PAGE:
1
$\begingroup$

So I have a doubt regarding the equations of Magnetic flux and Gauss' Law for magnetic fields.

According to Gauss' Law for magnetic fields, integral form of div(B) = $0$ can be written as:

$\oint \mathbf{B}.d\mathbf{a} = 0$

And magnetic flux through a surface is also defined as $\iint \mathbf{B}.d\mathbf{S} = \Phi _{B}$

If we combine the two, does it mean that flux is always zero through the surface? I believe $\iint$ and $\oint$ are the same thing (correct me if I am wrong) ? What is the significance of $\Phi _{B}$ then?

$\endgroup$
  • $\begingroup$ You can think of the Gauss Law flux as a count of the number field lines leaving a closed surface. Magnetic field lines always form closed loops. So each line that comes in ( - flux ) must also go out. $\endgroup$ – R.W. Bird Sep 16 '19 at 18:40
2
$\begingroup$

I believe ∬ and ∮ are the same thing (correct me if I am wrong)?

$\oint$ is a closed contour integral symbol while $\iint$ is a double integral symbol.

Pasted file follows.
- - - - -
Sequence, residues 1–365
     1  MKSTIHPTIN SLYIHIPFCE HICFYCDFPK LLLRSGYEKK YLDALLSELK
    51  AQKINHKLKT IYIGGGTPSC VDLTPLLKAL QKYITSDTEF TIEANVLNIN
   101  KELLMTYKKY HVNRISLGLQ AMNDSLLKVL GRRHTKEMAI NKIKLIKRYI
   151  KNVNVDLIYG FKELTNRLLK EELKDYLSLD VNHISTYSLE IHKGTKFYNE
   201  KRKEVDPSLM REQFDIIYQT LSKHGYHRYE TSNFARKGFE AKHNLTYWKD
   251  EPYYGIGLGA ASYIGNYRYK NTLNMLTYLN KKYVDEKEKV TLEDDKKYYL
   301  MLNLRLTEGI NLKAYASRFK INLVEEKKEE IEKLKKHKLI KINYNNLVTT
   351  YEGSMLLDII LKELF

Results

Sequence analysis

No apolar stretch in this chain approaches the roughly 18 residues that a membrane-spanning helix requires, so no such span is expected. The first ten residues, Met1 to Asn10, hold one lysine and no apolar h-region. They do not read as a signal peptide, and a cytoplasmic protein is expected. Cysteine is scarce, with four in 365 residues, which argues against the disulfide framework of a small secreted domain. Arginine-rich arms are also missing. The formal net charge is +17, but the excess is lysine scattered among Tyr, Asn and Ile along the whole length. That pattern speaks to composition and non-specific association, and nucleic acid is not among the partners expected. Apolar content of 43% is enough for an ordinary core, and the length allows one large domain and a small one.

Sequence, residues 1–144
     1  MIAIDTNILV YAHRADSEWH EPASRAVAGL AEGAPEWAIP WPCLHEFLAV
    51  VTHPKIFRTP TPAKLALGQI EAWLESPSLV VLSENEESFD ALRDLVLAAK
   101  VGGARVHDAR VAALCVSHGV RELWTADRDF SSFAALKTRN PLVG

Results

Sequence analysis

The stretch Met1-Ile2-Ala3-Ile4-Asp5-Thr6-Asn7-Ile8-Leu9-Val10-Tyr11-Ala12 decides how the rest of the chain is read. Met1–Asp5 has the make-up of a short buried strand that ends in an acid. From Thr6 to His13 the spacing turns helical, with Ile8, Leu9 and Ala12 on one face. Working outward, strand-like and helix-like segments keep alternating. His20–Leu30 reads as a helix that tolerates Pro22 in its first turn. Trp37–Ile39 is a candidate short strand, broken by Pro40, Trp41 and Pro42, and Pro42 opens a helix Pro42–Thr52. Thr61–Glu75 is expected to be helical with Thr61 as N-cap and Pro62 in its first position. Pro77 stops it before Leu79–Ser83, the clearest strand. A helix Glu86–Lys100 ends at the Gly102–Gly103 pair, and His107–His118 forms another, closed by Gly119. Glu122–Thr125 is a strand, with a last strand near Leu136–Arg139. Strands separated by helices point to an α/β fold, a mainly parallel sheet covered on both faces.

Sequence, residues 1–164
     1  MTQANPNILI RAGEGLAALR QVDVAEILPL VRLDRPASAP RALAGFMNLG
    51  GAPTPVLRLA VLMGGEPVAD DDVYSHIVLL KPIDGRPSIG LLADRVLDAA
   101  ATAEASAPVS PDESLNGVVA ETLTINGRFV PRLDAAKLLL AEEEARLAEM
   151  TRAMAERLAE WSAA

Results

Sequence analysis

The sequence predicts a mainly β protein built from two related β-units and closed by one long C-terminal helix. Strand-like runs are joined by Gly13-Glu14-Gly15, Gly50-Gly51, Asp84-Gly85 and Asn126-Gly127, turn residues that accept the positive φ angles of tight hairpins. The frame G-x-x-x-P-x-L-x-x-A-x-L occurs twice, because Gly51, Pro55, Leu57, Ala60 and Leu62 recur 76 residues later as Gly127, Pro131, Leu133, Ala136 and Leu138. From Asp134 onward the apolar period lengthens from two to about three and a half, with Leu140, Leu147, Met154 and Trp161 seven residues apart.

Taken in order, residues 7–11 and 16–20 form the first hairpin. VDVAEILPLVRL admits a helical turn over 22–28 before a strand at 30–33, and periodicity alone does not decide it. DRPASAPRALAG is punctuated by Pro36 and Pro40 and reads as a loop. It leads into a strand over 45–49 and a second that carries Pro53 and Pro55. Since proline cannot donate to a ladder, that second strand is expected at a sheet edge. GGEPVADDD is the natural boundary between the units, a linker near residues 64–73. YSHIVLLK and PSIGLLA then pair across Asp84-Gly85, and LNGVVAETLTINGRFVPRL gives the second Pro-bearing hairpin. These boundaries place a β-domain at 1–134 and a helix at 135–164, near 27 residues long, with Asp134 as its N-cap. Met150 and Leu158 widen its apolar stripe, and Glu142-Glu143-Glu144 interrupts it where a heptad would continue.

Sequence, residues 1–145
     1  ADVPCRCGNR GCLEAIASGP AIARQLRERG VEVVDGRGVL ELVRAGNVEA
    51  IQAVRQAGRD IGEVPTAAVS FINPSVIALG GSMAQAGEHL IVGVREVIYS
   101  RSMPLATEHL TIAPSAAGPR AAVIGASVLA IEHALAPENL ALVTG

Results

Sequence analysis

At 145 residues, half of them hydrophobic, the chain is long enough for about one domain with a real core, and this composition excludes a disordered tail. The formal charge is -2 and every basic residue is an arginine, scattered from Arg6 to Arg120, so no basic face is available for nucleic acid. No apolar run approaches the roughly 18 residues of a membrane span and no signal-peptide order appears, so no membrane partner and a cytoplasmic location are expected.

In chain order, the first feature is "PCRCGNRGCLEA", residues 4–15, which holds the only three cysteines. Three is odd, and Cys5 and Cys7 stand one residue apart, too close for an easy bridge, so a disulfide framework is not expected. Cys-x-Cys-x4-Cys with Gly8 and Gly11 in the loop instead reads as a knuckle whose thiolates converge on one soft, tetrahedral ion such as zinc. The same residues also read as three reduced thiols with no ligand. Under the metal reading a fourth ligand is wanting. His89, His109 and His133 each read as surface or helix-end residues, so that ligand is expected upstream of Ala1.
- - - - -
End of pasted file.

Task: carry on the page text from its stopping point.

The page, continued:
Gauss's Law for magnetism in integral form is

$$\unicode{x222F}_S\,\mathbf{B}\cdot\mathrm{d}\mathbf{A}=0$$

which states that the magnetic flux through a closed (no boundary) surface is zero (there are no magnetic monopoles). The symbol $\unicode{x222F}_S$ indicates integration over the closed surface $S$.

The magnetic flux through a surface bounded by a closed countour is not necessarily zero. For example, the Maxwell-Faraday equation is (for a surface unchanging with time)

$$\oint_{\partial \Sigma} \mathbf{E} \cdot \mathrm{d}\mathbf{l} = - \frac{\mathrm{d}}{\mathrm{d}t} \iint_{\Sigma} \mathbf{B} \cdot \mathrm{d}\mathbf{A}$$

where $\Sigma$ is the surface of integration bounded by the closed countour $\partial\Sigma$.

$\endgroup$
  • 1
    $\begingroup$ Shouldn't the surface integral over $\Sigma$ in the last equation be an $\iint$ symbol, for consistency with the notation conventions established earlier in this post? $\endgroup$ – Emilio Pisanty Sep 16 '19 at 17:35

Your Answer

By clicking “Post Your Answer”, you agree to our terms of service, privacy policy and cookie policy

Not the answer you're looking for? Browse other questions tagged or ask your own question.